Yoga can improve sleep for cancer survivors

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YOGA classes can help cancer survivors sleep better, according to a study. Two-thirds of cancer survivors have trouble sleeping, even two years after they’ve finished chemotherapy or radiation. Even more report persistent fatigue, says study author Karen Mustian of the University of Rochester Cancer Center, whose findings will be formally presented in June at the American Society of Clinical Oncology’s annual meeting in Chicago. Note:
The National Institutes of Health, which funded this study, has funded a number of studies to scientifically evaluate complementary approaches to cancer. In recent years, for example, scientists at the oncology meeting have reported that ginger alleviates chemo-related nausea, gingko relieves cancer-related fatigue, but that shark cartilage has no effect on lung cancer. Americans spend $34 million out-of-pocket each year on alternative or complementary approaches, according to a 2009 analysis by the Centers for Disease Control and Prevention.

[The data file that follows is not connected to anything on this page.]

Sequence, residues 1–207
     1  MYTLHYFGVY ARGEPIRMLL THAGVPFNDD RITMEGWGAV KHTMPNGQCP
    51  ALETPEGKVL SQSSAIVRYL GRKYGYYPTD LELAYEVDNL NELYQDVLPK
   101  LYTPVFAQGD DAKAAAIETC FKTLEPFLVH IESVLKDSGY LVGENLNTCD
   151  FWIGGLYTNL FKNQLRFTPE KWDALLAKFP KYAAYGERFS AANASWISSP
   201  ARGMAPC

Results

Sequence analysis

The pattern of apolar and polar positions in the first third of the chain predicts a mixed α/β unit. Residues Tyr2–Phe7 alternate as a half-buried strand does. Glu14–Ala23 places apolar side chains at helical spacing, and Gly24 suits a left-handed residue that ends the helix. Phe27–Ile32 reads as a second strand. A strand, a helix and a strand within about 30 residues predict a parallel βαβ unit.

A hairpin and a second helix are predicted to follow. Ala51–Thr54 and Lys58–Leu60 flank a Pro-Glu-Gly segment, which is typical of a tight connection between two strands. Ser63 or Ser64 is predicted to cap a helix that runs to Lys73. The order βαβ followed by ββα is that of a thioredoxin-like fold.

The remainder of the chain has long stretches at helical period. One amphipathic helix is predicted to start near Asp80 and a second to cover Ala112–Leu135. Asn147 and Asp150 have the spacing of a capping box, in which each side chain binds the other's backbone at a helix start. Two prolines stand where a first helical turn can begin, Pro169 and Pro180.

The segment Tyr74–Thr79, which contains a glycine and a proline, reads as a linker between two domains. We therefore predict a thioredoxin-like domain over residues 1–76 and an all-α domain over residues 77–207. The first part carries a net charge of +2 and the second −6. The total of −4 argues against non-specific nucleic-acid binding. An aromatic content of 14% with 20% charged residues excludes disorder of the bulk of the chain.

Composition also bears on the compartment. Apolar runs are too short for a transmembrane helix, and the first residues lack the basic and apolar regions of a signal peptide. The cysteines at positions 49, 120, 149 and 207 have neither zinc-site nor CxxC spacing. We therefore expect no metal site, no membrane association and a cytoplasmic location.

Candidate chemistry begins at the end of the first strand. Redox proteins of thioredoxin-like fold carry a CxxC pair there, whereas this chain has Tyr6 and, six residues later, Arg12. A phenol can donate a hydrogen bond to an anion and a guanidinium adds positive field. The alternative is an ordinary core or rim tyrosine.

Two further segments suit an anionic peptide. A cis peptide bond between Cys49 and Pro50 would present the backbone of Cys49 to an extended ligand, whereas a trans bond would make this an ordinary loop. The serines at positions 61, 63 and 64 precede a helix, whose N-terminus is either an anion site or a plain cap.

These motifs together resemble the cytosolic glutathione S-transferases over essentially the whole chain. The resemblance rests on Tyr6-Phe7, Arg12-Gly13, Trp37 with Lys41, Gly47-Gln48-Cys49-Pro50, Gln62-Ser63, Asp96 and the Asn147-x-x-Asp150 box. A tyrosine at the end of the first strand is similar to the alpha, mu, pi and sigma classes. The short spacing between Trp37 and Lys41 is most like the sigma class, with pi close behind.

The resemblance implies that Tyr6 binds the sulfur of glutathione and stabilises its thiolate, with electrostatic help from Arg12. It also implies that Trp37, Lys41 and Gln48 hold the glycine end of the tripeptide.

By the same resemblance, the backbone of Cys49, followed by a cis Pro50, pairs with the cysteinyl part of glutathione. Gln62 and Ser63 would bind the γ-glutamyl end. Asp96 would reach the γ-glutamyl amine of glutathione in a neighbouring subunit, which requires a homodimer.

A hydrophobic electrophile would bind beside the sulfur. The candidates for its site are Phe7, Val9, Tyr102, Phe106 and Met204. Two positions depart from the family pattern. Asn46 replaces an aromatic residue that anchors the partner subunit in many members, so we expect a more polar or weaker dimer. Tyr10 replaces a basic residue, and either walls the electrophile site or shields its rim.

Many researchers are in interested in yoga, as well. The University of Kansas Hospital is launching a study on the effects of yoga on atrial fibrillation, which can be triggered by stress.
Doctors don’t know exactly why sleep problems are so common after cancer therapy, Mustian says. But she notes that some chemotherapy can damage cardiac muscle, leading to heart failure many years after treatment. It’s possible that fatigue could be an early warning sign of heart damage, Mustian says.
Mustian says she was drawn to yoga because it’s safe, non-invasive and involves no medication. And small, preliminary studies have suggested that it can improve sleep. In her experiment, yoga didn’t replace conventional therapy, such as surgery and radiation.
Researchers randomly assigned 410 people who had finished treatment to receive either their usual follow-up care or attend a 75-minute yoga class, twice a week, for four weeks. The classes included breathing exercises, meditation and postures used in the hatha and restorative schools of yoga, Mustian says. Patients had an average age of 54. About 75% had been treated for breast cancer.
After four weeks, cancer survivors who attended the specially designed yoga classes also were less fatigued and sleepy during the day than others, Mustian says. They rated their quality of life more highly than those who didn’t take yoga, and they used fewer sleeping pills. Because her classes used specific types of yoga, Mustian says she doesn’t know if other forms of yoga — such as more aerobic versions or classes held in a very hot room — would also be safe or effective for cancer survivors.